Commonly, engine gearbox and brake units from the later models, are often used to replace worn units in the earlier cars because of their more robust nature and better performances. There are still a few ‘donor’ cars available for spares out there in the community. These can be quite helpful with a total restoration job too.

Servicing and ‘tinkering’ with these simple and basic Heritage Vehicles, can be very enjoyable, satisfying and therapeutic – but also potentially time consuming! Panels and parts can usually be removed easily by an amateur enthusiast for servicing or replacement – with little more than a good Workshop Manual (although a Parts Book with its ‘exploded’ diagrams is sometimes a great help with detailed components). The relative ease with which work can be done on a Sprite/Midget, encourages the owner to get more involved with it, and to even develop a ‘relationship’ with the car – often giving it a name!

Perhaps most of all, just admiring your ‘Spridget’ should give you a huge amount of satisfaction and enjoyment. Many owners get a ‘buzz’ out of the simple acts of just cleaning and polishing their classic sports-car, and admiring it as they do so. Some look good just sitting there, and glisten and reflect with the simple chrome-work, and they have marvellous proportions and ‘lines’ that draw you in and mesmerise you. Each individual will find visual aspects of their car that excites them, so you could even just sit down and admire it for ages – such are the aesthetics of these old collectable ‘Spridgets’.

As we drive these classic open sports-cars, we often get waves or admiring looks from the public, and when we stop, there are often people who turn up who want to look at, discuss, and reminisce about it. This can give you great feedback and sometimes provides valuable information, as well as your Sprite/Midget providing enjoyment to the others. You could be in for long enjoyable talks with perfect strangers!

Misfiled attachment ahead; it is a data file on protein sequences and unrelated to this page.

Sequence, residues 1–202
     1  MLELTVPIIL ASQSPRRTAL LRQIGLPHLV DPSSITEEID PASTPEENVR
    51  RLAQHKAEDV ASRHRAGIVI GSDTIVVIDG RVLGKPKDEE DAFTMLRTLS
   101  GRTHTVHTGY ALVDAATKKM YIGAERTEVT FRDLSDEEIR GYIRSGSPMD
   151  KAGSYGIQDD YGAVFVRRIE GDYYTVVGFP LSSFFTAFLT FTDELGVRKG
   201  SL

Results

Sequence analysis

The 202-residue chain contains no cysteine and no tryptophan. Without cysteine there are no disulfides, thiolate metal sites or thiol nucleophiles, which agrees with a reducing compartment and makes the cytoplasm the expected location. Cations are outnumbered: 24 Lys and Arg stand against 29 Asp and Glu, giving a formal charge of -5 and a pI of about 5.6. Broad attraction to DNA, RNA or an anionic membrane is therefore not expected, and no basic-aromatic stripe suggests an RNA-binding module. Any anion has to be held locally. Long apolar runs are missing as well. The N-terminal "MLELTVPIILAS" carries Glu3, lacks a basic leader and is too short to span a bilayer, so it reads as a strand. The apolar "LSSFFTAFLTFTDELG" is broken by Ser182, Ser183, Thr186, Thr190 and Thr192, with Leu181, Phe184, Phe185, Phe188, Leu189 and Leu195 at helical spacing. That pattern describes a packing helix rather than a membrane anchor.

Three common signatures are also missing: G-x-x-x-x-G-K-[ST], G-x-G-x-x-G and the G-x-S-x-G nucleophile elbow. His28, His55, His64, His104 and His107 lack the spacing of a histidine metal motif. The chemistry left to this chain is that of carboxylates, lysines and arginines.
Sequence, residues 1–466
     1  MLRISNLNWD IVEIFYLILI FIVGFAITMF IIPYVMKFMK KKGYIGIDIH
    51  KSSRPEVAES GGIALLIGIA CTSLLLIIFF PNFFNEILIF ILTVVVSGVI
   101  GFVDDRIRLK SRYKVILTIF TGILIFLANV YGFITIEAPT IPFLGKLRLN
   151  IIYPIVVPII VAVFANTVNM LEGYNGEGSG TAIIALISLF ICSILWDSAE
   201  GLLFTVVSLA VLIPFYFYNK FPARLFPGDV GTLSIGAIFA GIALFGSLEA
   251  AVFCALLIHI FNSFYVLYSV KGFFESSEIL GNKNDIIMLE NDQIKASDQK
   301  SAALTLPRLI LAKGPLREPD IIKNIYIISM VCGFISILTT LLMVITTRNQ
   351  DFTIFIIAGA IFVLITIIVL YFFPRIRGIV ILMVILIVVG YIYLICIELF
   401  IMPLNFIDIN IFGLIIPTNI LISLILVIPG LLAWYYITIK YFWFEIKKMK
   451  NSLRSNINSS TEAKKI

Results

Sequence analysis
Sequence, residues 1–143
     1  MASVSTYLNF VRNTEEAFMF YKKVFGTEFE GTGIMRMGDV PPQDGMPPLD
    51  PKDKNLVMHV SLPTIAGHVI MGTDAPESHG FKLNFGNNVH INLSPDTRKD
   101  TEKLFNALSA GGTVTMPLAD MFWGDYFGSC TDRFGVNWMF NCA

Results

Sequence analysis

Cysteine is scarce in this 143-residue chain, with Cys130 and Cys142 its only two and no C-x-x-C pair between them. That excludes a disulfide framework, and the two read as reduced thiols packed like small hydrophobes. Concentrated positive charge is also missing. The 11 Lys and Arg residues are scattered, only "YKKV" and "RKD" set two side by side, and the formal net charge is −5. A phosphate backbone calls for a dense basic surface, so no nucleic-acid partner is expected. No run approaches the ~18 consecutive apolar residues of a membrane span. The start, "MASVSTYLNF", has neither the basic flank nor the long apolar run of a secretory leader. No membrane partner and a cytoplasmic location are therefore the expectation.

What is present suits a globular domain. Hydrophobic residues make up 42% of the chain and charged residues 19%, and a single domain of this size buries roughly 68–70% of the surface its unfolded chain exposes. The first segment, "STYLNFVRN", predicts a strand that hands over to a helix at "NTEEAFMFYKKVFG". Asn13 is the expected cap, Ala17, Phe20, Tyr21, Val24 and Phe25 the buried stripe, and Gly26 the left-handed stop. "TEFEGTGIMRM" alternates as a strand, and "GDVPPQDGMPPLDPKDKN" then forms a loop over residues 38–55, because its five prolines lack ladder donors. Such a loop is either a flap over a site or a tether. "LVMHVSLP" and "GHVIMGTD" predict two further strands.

But perhaps one of the best ways to enjoy these old ‘Spridgets’ is to meet other like minded individuals at specific events for these open topped cars, which can be great and rewarding fun. These displays or rallies can be almost as rewarding as the opportunity to join a drive there with others on some enjoyable or even challenging ‘drivers’ roads. Getting there can be huge fun. Many find that to be part of a Club convoy is exhilarating, especially when you can see these wonderful machines snaking away in front of and behind you on the winding or open roads. ‘Spridgets’ after all, are renowned as wonderful and stimulating ‘drivers’ cars.

There is a huge array of activities available to the Classic and Historic car owner every weekend across our state (as well as nationally & even internationally), so there is no excuse not to be able to get your Sprite or Midget out and enjoy it. The Classic and Historic car scene is thriving, with available activities expanding rapidly each year – particularly since the introduction of the new Log Book ‘Club Permit Scheme’. We have seen a dramatic increase in Classic cars on the road since the new scheme was announced, as it has encouraged many to buy a Heritage Vehicle and transfer it to the scheme, or to finish their restorations (or to buy and start a restoration), and others to just get their cars out of the garage and back on the roads on the CPS to enjoy them.

So how can we maximise this motoring enjoyment?

All of the above can be enhanced by being part of a Club of like-minded enthusiasts like the AHSDC, where the opportunities to join in activities that are regular and varied enable us to enjoy these classics all the more. We are all very fortunate to be members of the friendly AHSDC which welcomes owners of all models of Sprites and Midgets to a variety of events. As a result, one of our ’pluses’ is the huge variety of ‘Spridgets which we can admire and enjoy for their own individual characteristics and differences – be it a concourse car, a touring car or a competition car. Also there are enough members who have, or have owned a particular model, if an owner needs more information, or even help in locating a particular car. Likewise, there is a huge amount of expertise and help freely available within the Club should an owner have any technical difficulties.

The AHSDC puts on events with venues that are designed to be attractive to both the partner/spouse and the owner, so that the ‘Spridget’ can be taken out on a stimulating drive, and enjoyed by both partners for the full day. Events range from evening ‘Cruzes’ to a day of touring to social venues, to multi-day tours & Rallies, to social events, to displays and concourses, as well as a range of competition events. The friendships and camaraderie shown within the AHSDC, together with quite a balanced mix of genders, are major reasons for its success. Club activities in a Sprite/Midget can be a lot of fun!

Are you getting the most out of your Sprite or Midget and the AHSDC that you could?

John Fowler

2018-07-19T12:09:22+00:00July 19th, 2018|TECHNICAL INFO|